After a slow start—too slow, really—the movie kicks into gear when Max has a workplace accident that exposes him to a lethal dose of radiation. The diagnosis comes to him in a comically curt fashion, as a robotic nurse dumps some pills next to a suffering Max, thanks him for his service, and informs him that he will die in five days.
Max realizes the only way he can possibly survive is if he makes it up to Elysium and gets access to their advanced medical technology. He enlists the help of a criminal kingpin known simply as Spider (Wagner Moura). And here we’re asked to suspend disbelief just a bit too far, as Spider has access to all kinds of advanced weaponry, computers, and even the spacecraft to make the dangerous voyage to Elysium, yet somehow can’t get hold of one of those magical sunbeds that would make all this fuss unnecessary (and the movie much less entertaining, admittedly).
In exchange for a trip up to Elysium, Max has to help them kidnap John Carlyle, who has the control virus for Elysium stored in his brain. To better assist in the job, Max undergoes surgery to graft a robotic exoskeleton to his spine, brain, and most other body parts, in what looks like a truly painful procedure. But this will give him the strength and endurance needed to fight the relentless mercenary Kruger, whom Delacourt has since “activated” and charged with annihilating Max before he can share the stolen control virus. Being a psychopath and all, Kruger decides to use Max’s loved ones as bait, and Frey and Matilda are soon dragged into the ordeal.
After several more scenes in which disbelief is now performing weightless flips like a giddy astronaut, the various protagonists do miraculously make it up to Elysium for the final showdown. Delacourt, proving the limited worth of her character to the movie, is swiftly killed off, as Kruger grows increasingly greedy at the prospect of controlling the station himself.
Kruger at one point comes back from being all but dead, now reborn and powered up by an exo-suit far more spectacular than Max’s backroom DIY job. The pair’s climactic battle is predictable yet satisfying, and the movie as a whole is like getting a gift card for Christmas: perfectly acceptable, but not requiring a whole lot of thought.
The high-octane encounters between Max and Kruger are what make Elysium stand out. It seems that being pursued by a pathological South African killing machine is what it takes for me to root for Matt Damon, and Sharlto Copley delivers the maniacal performance of a lifetime to achieve just that. Damon is solid enough in the role, but this is basically Kruger’s show.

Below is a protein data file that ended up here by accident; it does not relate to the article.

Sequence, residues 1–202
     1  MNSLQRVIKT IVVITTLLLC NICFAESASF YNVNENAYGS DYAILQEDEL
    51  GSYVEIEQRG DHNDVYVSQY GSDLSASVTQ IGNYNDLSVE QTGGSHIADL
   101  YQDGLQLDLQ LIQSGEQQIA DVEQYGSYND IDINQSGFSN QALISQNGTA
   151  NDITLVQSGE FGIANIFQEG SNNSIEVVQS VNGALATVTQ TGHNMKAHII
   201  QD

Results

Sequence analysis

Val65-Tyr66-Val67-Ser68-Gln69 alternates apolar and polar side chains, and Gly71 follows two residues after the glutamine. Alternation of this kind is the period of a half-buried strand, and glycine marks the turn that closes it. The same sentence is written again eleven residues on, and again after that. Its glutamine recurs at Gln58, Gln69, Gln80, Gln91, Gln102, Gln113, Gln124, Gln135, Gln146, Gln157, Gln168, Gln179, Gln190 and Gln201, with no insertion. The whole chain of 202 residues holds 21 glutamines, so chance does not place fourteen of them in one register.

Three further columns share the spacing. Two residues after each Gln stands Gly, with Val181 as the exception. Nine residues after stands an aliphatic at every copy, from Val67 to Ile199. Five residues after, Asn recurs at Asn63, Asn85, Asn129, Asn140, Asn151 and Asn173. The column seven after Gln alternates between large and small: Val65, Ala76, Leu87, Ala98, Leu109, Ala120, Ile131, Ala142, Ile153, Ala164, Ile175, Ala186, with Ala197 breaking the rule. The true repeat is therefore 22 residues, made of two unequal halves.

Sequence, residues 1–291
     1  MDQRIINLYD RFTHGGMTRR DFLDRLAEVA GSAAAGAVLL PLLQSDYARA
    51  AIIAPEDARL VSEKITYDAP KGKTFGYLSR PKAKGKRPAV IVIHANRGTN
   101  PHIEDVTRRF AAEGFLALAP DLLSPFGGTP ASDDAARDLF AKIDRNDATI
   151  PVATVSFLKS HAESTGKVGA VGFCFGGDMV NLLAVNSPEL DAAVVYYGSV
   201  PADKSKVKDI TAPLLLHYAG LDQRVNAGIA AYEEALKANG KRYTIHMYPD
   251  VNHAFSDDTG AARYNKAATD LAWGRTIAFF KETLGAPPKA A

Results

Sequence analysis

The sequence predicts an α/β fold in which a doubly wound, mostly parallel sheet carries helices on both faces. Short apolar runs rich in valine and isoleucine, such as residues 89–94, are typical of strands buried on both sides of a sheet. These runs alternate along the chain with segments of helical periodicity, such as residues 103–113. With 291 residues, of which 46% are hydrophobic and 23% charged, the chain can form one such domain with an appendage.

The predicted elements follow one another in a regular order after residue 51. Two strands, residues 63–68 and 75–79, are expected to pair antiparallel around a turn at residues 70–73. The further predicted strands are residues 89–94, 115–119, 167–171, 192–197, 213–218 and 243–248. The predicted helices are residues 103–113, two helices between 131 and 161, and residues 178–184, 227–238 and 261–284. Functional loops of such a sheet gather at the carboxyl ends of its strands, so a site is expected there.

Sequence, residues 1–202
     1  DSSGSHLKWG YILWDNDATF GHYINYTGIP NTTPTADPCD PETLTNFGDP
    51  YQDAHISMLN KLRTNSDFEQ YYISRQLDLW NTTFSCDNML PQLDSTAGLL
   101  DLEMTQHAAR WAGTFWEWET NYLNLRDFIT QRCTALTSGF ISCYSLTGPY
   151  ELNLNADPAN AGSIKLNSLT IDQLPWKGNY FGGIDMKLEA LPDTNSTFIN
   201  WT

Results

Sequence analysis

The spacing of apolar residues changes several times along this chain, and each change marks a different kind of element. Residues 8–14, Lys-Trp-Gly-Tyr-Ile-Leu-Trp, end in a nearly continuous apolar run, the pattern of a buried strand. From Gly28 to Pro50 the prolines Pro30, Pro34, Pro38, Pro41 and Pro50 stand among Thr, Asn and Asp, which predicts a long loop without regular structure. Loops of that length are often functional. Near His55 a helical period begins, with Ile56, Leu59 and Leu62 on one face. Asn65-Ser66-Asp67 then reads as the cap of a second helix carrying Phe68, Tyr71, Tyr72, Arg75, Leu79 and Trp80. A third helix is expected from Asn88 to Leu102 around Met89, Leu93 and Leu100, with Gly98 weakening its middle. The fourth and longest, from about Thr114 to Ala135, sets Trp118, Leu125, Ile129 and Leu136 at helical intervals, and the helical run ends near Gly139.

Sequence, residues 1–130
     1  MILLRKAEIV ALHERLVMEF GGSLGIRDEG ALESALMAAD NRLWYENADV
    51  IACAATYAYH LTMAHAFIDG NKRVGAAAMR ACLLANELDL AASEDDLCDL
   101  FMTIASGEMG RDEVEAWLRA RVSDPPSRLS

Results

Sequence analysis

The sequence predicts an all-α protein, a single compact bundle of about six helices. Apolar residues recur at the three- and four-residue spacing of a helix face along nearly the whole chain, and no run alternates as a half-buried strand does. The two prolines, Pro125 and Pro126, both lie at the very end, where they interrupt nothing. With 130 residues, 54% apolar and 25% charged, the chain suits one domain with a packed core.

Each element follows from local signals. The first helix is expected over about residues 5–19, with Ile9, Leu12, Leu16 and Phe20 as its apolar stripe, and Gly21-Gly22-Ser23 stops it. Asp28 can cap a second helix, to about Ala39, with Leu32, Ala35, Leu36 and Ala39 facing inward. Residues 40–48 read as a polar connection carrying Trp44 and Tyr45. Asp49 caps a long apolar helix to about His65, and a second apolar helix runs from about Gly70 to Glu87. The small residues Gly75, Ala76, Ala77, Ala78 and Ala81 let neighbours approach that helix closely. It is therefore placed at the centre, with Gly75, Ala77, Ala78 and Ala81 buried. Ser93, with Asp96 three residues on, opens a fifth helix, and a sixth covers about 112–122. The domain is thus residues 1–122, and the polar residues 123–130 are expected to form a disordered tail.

While the concepts rolling around Elysium are timely, Blomkamp doesn’t add much to the conversation. Where District 9 served to shine a light on a specific issue that has largely faded from the world’s memory, Elysium presents lightweight parallels with issues of the day, never digging much deeper than “wealth inequality is a bad thing, huh?” It hits all the right hot-button topics—callous dismissal of poverty, a vast divide in quality of/access to healthcare, the alarming attitudes of some towards immigrants—but only scratches the surface of each. Perhaps the ideas are spread too thin, with Blomkamp’s desire to take his political observations to the next level serving only to dilute whatever specific message he originally intended for Elysium.
Even with that overreach, this is a movie worth the price of admission based on its action scenes, sporadic laughs, and a few touching moments between Max and Matilda as they face their grim fortunes together. Oh, and let’s not forget that scamp Kruger and his murderous ways. If you’ve never heard thinly veiled death threats in a menacing Afrikaans accent, now’s your chance.
In short, enjoy the little things with Elysium, but don’t expect to come away with any profound insights that will make you want to change the world. Except for those magic sunbeds… Let’s get on those pronto, science folks.